The area surrounding the former Charity Hospital building in New Orleans should be redeveloped into a district that is home to technology companies, universities, retail and mixed-income housing, according to a report released Monday.
The report is the first from the steering committee of the Spirit of Charity Innovation District, which proposes to use tax incentives and other urban-planning techniques to revitalize the hospital and the underused city blocks that surround it.
The plan, spearheaded by the Greater New Orleans Foundation, does not evaluate two proposals for the redevelopment of the Charity complex itself that are now under consideration. But it sketches in broad strokes recommendations for how to build out the rest of the area bounded by Iberville Street, Loyola Avenue and Elk Place, Poydras Street and Claiborne Avenue.
The former hospital is envisioned as a central anchor of the district.
“The neighborhood around the former Charity Hospital should be a walkable, active, vibrant, mixed-use, mixed-income community where New Orleanians come to ‘Live, Work, Play and Heal,' ” according to one of the “guiding principles” laid out in the report.
If it comes to fruition, the plan would be a dramatic change for the 116-acre area, which now contains mainly government, university and hospital buildings. While condos, apartments, restaurants and stores have popped up across the rest of the Central Business District in recent years, there is little housing in the Charity district and few shops or restaurants that would draw notice from anyone but nearby office workers on their breaks.
"While New Orleans has seen a lot of progress, the former Charity Hospital and the area around it has been left for dead," Greater New Orleans Foundation President and CEO Andy Kopplin, who has been leading the planning effort, said at an event at the Jung Hotel unveiling the proposal.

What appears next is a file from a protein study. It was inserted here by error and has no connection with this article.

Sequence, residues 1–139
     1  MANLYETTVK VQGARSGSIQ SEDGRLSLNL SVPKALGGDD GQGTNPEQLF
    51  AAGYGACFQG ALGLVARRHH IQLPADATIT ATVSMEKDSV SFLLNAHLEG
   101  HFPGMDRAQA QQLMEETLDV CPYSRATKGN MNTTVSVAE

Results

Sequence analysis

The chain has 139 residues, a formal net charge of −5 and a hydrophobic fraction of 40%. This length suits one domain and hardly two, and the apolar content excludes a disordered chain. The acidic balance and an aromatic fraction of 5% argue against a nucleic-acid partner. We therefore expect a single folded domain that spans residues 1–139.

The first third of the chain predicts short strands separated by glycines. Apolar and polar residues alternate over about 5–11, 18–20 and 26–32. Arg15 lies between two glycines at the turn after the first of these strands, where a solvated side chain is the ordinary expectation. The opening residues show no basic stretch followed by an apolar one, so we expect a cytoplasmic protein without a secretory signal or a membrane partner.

The report was put together by representatives of various groups that advocate for specific causes that could get a boost from the way the district develops, including more affordable housing, greater economic equity and improved public transit.
It largely follows the same basic contours that officials have been describing since the planning effort began several months ago, filling in some of the gaps with general recommendations but leaving the exact details to be determined later.
Kopplin said subgroups made up of those who have guided the process so far will continue to meet and come up with specific steps to be taken moving forward, including recommendations on how to create a tax-increment financing district to generate revenue that can be directed toward the agreed-upon goals.
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The document says the area should be focused on attracting businesses, particularly information technology and medical technology firms, in order to build on the decision by DXC Technology to locate a 2,000-person office on Poydras Street, at the edge of district.
DXC represents a significant step forward for the district, on both symbolic and practical levels, and could be just the first of multiple technology firms that could be housed in the nearby office towers, said GNO Inc. President and CEO Michael Hecht.